Ernest Shackleton was a British explorer celebrated for his exploration of the Antarctic. During the 1914-1917 expedition aboard the aptly-named Endurance, he lead his crew without loss of life through disasters which included their ship being trapped and crushed in ice, a journey across a frozen world and even a return to rescue stranded crew. How did he manage this? Perhaps he had the best equipment, or the best trained and best paid crew. Perhaps it was luck. Or was Shackleton simply a larger than life leader, a true hero?
According to lore, Shackleton assembled his team with the following advertisement in the newspaper:
“Men wanted for Hazardous journey. Small wages, bitter cold, long months of complete darkness, constant danger, safe return doubtful. Honour and recognition in case of success.”
What type of men would be attracted to such a proposition? It is nearly the antithesis of everyday marketing copy which promises us us great things for little effort. Perhaps Shackleton was sounding a pessimistic tone so as not to waste his time with applicants who would negotiate for better terms. Perhaps he had a sense of humor. Or perhaps he was looking for hardened men, attracted by the prospect of “constant danger”, survivors who wished to sail headlong into death or glory.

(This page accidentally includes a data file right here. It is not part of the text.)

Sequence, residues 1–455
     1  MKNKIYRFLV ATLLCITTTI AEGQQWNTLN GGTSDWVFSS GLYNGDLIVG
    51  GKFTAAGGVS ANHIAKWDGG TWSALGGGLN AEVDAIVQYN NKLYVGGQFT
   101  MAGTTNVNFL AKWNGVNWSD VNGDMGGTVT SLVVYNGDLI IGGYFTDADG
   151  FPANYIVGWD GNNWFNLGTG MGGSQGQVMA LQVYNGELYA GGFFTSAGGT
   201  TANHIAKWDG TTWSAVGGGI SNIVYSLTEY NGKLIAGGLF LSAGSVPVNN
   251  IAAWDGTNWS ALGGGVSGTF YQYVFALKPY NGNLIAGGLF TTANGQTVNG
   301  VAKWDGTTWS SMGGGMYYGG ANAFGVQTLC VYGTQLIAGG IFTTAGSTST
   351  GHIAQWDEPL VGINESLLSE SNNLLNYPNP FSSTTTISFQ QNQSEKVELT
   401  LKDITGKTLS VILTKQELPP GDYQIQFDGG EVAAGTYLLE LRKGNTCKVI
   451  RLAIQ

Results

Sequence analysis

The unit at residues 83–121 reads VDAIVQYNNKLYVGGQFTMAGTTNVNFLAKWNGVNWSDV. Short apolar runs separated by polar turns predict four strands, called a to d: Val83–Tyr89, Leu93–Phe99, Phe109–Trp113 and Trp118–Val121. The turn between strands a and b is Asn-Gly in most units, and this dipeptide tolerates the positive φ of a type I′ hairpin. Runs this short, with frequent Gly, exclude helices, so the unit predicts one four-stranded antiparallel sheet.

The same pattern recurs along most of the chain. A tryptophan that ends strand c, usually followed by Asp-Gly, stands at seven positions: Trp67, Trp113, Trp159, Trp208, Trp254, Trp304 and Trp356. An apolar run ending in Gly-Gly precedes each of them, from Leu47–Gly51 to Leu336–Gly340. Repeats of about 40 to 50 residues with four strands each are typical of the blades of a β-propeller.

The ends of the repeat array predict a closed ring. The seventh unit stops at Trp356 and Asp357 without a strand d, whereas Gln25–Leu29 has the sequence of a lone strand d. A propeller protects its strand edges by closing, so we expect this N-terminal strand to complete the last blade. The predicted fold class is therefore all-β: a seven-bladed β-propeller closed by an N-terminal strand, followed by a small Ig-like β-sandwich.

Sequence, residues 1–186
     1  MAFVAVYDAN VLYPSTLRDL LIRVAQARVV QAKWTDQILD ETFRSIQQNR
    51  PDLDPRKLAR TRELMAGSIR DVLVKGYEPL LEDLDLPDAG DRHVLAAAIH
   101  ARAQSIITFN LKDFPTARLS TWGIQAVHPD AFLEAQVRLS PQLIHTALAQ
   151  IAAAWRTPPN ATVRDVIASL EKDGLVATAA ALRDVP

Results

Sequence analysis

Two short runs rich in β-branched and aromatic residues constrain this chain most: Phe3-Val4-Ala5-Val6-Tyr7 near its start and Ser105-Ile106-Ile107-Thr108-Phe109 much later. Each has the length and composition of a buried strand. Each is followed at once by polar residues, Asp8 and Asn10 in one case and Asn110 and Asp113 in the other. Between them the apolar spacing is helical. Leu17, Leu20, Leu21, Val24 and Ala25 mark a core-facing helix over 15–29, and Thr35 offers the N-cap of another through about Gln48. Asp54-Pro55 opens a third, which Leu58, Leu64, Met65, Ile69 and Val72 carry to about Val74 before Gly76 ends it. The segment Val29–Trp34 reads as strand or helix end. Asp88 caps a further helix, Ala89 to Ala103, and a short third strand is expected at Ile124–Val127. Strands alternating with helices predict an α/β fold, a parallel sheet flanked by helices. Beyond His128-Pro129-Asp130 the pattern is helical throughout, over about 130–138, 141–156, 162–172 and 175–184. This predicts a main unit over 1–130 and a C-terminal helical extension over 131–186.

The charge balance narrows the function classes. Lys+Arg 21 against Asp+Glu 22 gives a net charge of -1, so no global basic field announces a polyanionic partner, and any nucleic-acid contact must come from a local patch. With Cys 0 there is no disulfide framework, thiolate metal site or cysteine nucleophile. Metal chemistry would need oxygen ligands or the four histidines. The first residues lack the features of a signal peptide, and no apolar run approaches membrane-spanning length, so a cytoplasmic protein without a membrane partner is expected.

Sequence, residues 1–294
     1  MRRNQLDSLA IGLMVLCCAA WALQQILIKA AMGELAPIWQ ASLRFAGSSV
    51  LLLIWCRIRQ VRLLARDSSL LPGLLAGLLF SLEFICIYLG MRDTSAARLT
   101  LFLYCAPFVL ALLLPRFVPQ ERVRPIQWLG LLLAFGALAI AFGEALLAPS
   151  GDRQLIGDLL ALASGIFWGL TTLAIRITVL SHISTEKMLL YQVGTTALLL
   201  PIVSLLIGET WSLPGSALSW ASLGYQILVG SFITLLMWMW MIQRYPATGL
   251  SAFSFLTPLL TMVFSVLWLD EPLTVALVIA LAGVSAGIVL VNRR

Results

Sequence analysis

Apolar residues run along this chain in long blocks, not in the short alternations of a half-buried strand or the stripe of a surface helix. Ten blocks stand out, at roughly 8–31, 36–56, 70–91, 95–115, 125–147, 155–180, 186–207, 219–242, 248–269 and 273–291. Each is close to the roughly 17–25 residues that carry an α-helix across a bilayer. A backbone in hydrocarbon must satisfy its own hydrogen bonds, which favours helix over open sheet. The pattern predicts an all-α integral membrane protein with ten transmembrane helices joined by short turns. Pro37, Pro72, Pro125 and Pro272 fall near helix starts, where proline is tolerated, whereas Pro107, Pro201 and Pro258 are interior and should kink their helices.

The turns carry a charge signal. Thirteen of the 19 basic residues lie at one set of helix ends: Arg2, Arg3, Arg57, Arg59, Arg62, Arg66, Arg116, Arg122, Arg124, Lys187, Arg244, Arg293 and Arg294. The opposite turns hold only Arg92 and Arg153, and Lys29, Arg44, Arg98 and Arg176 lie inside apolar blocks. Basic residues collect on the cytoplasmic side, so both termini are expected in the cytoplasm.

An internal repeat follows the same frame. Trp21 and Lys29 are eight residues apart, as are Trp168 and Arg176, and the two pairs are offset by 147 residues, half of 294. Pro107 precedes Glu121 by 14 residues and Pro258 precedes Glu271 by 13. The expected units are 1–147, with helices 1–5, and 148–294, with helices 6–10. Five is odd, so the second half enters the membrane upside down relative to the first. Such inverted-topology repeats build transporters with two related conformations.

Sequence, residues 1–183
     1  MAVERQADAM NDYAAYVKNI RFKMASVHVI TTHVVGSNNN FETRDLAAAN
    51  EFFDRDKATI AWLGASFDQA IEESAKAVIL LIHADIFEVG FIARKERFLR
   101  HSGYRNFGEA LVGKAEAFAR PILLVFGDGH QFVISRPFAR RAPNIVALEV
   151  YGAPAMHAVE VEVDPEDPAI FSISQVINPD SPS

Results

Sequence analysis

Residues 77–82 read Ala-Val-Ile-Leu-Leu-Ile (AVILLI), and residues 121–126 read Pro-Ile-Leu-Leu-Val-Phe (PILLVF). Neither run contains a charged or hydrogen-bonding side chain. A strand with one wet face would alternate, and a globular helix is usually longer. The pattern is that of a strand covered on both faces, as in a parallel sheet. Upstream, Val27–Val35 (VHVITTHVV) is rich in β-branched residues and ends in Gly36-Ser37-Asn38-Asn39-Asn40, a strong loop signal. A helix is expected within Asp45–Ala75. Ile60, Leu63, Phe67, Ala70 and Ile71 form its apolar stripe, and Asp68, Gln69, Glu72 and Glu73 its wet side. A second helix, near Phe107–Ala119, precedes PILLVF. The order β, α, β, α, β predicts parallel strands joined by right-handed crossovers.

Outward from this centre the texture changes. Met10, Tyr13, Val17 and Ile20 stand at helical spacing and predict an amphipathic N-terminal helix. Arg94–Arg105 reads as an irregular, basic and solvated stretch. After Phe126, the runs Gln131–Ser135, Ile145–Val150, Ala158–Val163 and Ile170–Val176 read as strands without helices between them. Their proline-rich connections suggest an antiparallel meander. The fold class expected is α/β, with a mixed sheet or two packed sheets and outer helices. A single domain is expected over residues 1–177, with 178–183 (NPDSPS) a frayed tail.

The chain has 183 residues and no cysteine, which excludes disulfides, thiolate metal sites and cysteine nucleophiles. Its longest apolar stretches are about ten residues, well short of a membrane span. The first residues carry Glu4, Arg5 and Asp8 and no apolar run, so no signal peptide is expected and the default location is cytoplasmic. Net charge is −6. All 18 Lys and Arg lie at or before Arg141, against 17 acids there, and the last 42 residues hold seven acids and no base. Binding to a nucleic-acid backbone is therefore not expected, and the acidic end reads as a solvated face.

By luck or by design, everyone on the expedition survived. If there are lessons to be learned from this for our day and in leading change, I think they are these:
1) The advertisement. The lean journey is far more rewarding in many ways, but too often lacking in honor and recognition. It is also long, sometimes cold and not free of dangers. Leaders need to have a clear and compelling purpose for embarking on such a journey. Leaders also need to speak the blunt and brutal truth when leading people through change and risk.
2) The crew. A lean journey requires that we first build a crew out of survivors, explorers and seasoned takers of intelligent risks. Like frost nipping at our fingers, we must brave the shrinking of the comfort zone during a lean journey. A core leadership team, sometimes called the guiding coalition, must be prepared to face up to adverse conditions along the way, ready to find creative solutions across untested territory.
3) The passengers. Unlike the Antarctic explorer’s vessel, there are many passengers on the ship of organizational change. Guiding a large organization through change requires that everyone is engaged in some way. There can be idle observers on the deck. And we must leave nobody behind on the journey.
We are all survivors. It is merely a question of “for how long and of what challenges?”